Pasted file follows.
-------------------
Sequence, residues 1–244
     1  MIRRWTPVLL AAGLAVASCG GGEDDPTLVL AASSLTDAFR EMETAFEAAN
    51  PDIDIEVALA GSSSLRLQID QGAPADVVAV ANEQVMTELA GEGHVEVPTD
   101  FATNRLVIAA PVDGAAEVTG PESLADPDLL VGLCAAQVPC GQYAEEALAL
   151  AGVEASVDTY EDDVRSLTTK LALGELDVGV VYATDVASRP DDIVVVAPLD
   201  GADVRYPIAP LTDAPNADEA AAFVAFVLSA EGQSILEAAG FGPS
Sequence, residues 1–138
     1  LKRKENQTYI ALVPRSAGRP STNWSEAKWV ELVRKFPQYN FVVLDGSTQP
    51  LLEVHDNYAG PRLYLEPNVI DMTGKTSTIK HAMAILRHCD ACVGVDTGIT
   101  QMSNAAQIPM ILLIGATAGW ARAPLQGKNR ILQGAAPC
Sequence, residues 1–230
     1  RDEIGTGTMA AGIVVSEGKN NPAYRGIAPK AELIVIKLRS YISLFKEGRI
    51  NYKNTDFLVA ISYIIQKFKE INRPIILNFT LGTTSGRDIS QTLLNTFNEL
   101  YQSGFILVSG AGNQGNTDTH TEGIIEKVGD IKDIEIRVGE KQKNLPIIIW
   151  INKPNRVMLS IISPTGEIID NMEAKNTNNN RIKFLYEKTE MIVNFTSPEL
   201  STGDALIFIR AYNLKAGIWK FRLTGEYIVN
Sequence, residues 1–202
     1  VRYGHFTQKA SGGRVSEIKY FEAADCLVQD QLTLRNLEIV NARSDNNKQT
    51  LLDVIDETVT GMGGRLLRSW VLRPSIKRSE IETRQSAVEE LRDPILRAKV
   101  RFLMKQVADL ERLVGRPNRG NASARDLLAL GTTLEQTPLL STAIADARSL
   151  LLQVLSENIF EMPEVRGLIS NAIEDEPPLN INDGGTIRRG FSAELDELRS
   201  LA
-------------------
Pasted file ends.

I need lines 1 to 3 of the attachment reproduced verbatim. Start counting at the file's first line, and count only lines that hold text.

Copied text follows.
Sequence, residues 1–244
     1  MIRRWTPVLL AAGLAVASCG GGEDDPTLVL AASSLTDAFR EMETAFEAAN
    51  PDIDIEVALA GSSSLRLQID QGAPADVVAV ANEQVMTELA GEGHVEVPTD